However, the metabolism effect in the complete organism has not been previously described. This study is the first report that employed C- phycocyanin in an animal model of AMI.

It prevents oxidative stress and inflammation because C-Phycocyanin down-regulates iNOS, COX2 and phospho-NFjB p65, reducing the mRNA synthesis of IL1b and TNFa.

Finally, C-Phycocyanin can be used as a coadjuvant in AMI treatment to give more time to the heart physicians for definitive treatments such as thrombolysis and PCI.


STUDY 07 – Phycocyanin ameliorates mouse colitis via Phycocyanobilin-dependent antioxidant and anti-inflflammatory protection of the intestinal epithelial barrier

Our in vivo and in vitro results demonstrate the PCB-dependent anti-colitis role of Phycocyanin via antioxidant and anti-inflammatory mechanisms.

Our study elucidates the structural and mechanistic basis for Phycocyanin’s intestinal protective action, which will help in developing new remedies based on PCB, Phycocyanin and/or Spirulina for ameliorating IBD.


STUDY 08 – The protective effect of C-Phycocyanin in male mouse reproductive system

This study demonstrated that C-phycocyanin could prevent GC-1 spg cells from damage by TSZ-induced necroptosis, improve cell viability and down- regulate the necroptotic signaling pathway, thus playing a certain protective role on GC-1 spg cells.

Moreover, C-phycocyanin could protect the reproductive system of mice by improving the cyclophosphamide-induced decrease of the concentration of sperm and reducing the rate of occurrence of deformities in sperm.

The protection mechanism might be such that C-phycocyanin could inhibit the oxidative stress and necroptosis of reproductive-related cells induced by cyclophosphamide and C-phycocyanin could play its protective role by inhabiting the necroptotic signaling pathway.

These results suggested that C-phycocyanin could serve as a promising reproductive system protective agent during the development of the reproductive system.


STUDY 09 – C-Phycocyanin-derived Phycocyanobilin as a Potential Nutraceutical Approach for Major Neurodegenerative Disorders and COVID19 induced Damage to the Nervous System

The edible cyanobacterium Spirulina platensis and its chief biliprotein C- Phycocyanin have shown protective activity in animal models of diverse human health diseases, often reflecting antioxidant and anti-inflammatory effects.

The beneficial effects of C-Phycocyanin seem likely to be primarily attributable to its covalently attached chromophore Phycocyanobilin (PCB).

Within cells, biliverdin is generated from free heme and it is subsequently reduced to bilirubin. Although bilirubin can function as an oxidant scavenger, its potent antioxidant activity reflects its ability to inactivate some isoforms of NADPH oxidase. Free bilirubin can also function as an agonist for the aryl hydrocarbon receptor (AhR); this may explain its ability to promote protective Treg activity in cellular and rodent models of inflammatory disease. AhR agonists also promote transcription of the gene coding for Nrf-2, and hence can up-regulate phase 2 induction of antioxidant enzymes, such as HO-1. Hence, it is proposed that C- Phycocyanin/PCB chiefly exert their protective effects via inhibition of NADPH oxidase activity, as well as by AhR agonism that both induces Treg activity and up-regulates phase 2 induction.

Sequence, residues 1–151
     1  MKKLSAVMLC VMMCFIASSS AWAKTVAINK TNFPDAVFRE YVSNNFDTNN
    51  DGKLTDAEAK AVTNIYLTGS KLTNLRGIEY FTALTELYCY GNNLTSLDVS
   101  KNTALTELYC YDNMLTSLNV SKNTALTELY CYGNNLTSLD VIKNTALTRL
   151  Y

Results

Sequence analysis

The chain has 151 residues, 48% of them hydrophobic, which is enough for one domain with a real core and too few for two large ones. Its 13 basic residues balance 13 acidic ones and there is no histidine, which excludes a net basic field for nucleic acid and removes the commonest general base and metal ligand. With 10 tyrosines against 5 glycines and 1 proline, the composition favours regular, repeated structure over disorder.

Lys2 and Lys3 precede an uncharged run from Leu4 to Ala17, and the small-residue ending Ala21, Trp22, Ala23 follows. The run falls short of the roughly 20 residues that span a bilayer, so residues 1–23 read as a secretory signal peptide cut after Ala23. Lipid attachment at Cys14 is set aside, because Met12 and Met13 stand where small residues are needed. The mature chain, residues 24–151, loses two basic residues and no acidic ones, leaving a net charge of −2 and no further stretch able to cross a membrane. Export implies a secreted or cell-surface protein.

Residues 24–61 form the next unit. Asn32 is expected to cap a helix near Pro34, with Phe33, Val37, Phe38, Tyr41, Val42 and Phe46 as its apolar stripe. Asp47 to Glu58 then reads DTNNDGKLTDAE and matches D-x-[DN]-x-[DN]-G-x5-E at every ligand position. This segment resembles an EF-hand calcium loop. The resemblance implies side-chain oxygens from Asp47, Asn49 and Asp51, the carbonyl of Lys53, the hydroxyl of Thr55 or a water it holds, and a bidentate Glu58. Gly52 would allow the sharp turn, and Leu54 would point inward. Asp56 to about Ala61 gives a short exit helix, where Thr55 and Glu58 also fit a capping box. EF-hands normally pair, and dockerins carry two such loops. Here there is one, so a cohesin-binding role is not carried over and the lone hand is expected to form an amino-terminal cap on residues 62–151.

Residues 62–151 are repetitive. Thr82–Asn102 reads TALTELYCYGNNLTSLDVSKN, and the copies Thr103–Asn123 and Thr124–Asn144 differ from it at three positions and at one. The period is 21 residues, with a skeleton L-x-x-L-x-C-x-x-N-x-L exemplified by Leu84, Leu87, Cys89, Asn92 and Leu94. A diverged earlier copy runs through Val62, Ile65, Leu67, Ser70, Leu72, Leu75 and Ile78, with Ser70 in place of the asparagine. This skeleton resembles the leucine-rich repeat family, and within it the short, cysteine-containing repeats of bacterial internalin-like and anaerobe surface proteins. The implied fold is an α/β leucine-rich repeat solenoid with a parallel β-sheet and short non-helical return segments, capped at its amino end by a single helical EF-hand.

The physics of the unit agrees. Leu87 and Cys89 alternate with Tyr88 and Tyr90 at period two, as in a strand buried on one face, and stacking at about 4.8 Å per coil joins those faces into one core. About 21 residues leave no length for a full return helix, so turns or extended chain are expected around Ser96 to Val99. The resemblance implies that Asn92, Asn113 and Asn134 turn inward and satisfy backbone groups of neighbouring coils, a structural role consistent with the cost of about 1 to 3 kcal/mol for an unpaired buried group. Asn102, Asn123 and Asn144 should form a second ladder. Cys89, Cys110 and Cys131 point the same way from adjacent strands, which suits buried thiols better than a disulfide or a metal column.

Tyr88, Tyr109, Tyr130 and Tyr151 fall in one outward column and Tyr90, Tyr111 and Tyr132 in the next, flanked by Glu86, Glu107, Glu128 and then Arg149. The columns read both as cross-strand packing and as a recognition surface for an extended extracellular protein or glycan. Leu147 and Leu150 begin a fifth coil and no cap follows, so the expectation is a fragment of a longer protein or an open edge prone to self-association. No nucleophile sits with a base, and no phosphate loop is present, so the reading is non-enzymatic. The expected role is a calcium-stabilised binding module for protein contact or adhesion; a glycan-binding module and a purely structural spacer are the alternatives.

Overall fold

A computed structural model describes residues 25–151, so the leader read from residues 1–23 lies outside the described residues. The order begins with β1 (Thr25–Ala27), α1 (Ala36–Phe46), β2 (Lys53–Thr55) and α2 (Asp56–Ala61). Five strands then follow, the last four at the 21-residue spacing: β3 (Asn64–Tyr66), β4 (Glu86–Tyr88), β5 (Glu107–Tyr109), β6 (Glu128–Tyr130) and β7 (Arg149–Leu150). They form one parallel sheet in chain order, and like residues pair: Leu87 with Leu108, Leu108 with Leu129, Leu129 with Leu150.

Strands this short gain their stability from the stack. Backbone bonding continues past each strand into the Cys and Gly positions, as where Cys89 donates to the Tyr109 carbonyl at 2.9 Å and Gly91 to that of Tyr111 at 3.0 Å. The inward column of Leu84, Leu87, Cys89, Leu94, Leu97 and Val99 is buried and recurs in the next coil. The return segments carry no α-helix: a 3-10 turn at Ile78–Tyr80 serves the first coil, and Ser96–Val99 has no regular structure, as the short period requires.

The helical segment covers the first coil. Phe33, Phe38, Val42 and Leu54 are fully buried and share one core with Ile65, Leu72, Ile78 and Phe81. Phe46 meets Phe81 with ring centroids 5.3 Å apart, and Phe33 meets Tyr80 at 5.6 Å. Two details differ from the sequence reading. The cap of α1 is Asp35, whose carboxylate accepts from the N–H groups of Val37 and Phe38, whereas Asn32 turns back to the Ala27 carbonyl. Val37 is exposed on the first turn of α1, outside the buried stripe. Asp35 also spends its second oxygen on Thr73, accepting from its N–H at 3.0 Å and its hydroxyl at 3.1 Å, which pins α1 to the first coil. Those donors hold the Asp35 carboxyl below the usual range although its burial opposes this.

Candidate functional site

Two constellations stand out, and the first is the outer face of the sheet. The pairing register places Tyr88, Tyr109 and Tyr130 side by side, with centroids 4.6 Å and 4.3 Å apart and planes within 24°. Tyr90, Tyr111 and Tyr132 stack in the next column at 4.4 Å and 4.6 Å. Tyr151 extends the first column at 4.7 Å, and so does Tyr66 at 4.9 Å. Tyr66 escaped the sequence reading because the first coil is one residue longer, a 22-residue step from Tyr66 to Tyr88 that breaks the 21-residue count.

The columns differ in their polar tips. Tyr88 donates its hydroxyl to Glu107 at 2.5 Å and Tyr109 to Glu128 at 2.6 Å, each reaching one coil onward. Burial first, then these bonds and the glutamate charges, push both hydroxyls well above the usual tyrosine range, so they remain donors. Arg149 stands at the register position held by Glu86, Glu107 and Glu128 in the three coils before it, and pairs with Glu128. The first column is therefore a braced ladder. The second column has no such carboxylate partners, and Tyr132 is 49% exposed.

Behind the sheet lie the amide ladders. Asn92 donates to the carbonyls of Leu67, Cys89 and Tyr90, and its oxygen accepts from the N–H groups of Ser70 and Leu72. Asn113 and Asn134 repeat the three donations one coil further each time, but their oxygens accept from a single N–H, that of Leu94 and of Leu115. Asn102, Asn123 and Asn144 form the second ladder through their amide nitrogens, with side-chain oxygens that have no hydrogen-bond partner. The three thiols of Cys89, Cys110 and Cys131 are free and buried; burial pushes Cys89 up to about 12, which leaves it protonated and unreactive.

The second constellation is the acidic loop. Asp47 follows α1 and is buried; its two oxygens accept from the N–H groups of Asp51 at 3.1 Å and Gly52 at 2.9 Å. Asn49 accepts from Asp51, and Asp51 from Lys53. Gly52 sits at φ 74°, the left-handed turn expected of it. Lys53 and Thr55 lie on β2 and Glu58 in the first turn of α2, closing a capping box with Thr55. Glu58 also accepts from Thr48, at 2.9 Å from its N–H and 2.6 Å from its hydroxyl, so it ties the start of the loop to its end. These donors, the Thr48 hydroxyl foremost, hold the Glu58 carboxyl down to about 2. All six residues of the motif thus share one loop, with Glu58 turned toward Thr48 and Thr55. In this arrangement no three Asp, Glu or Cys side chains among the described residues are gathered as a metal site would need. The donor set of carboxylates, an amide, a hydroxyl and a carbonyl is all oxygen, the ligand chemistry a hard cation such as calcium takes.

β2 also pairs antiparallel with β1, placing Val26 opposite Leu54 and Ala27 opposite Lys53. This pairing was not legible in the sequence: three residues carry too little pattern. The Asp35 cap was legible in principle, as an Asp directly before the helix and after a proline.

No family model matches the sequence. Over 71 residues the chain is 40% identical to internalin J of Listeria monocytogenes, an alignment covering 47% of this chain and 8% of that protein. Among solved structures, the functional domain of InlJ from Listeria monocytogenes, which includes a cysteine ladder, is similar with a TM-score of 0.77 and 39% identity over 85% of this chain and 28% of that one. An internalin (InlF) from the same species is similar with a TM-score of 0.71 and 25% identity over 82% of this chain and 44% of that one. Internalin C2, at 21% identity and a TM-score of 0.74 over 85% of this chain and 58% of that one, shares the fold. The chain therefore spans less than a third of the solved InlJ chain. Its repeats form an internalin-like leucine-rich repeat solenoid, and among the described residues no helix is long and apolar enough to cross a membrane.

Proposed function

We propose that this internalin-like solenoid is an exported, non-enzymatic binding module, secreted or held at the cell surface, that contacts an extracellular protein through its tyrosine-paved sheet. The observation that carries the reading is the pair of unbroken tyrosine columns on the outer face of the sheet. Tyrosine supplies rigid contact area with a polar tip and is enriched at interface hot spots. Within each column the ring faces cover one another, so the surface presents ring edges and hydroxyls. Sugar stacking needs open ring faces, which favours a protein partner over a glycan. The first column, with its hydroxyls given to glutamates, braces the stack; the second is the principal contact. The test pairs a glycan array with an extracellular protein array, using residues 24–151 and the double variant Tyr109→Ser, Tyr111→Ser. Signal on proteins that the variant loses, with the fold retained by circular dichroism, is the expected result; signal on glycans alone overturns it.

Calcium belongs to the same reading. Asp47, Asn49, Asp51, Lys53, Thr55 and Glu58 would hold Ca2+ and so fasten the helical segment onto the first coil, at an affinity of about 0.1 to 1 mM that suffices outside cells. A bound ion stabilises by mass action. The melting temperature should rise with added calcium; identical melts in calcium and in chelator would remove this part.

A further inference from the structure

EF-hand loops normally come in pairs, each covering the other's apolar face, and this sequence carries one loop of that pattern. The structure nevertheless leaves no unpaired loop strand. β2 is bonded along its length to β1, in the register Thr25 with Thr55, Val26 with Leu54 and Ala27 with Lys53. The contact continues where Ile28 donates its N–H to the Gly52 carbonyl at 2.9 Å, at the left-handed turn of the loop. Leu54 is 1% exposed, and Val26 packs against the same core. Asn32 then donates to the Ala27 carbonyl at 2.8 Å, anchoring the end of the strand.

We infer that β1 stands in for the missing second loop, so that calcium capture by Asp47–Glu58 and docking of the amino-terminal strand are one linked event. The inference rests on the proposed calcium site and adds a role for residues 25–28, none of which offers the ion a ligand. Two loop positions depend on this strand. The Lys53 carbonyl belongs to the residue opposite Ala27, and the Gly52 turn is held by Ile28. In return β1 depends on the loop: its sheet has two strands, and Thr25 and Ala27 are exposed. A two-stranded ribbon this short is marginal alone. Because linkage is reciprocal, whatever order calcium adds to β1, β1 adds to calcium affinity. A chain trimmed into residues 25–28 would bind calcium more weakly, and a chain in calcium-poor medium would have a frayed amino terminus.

This simple model may explain their potent antioxidant/antiinflammatory effects. Additionally, PCB might mimic biliverdin in activating anti- inflammatory signaling mediated by biliverdin reductase.

This essay reviews recent research in which C-Phycocyanin and/or PCB, administered orally, parenterally, or intranasally, have achieved marked protective effects in rodent and cell culture models of Ischemic Stroke and Multiple Sclerosis, and suggests that these agents may likewise be protective for Alzheimer’s disease, Parkinson’s disease, and in COVID-19 and its neurological complications.


STUDY 10 – Phycocyanin Ameliorates Colitis-Associated Colorectal Cancer by Regulating the Gut Microbiota and the IL-17 Signaling Pathway

In this study, we demonstrated that Phycocyanin alleviated inflammation and reduced tumor-genesis in AOM/DSS induced mice.

The tumor preventation may be mediated through modulating the gut microbiota and gene expression in colonic cells. Phycocyanin is a promising drug for clinical prevention and treatment of colorectal cancer.


STUDY 11 – Non-conventional octameric structure of C-phycocyanin

C-phycocyanin, a blue pigment protein, is an indispensable component of giant phycobilisomes, which are light-harvesting antenna complexes in cyanobacteria that transfer energy efficiently to photosystems I and II. X- ray crystallographic and electron microscopy (EM) analyses have revealed the structure of C-phycocyanin to be a closed toroidal hexamer by assembling two trimers. In this study, the structural characterization of non- conventional octameric C-phycocyanin is reported for the first time.

Analyses of the crystal and cryogenic EM structures of the native C- phycocyanin from filamentous thermophilic cyanobacterium Thermoleptolyngbya sp. O–77 unexpectedly illustrated the coexistence of conventional hexamer and novel octamer.

In addition, an unusual dimeric state, observed via analytical ultracentrifugation, was postulated to be a key intermediate structure in the assemble of the previously unobserved octamer. These observations provide new insights into the assembly processes of C- phycocyanin and the mechanism of energy transfer in the light-harvesting complexes.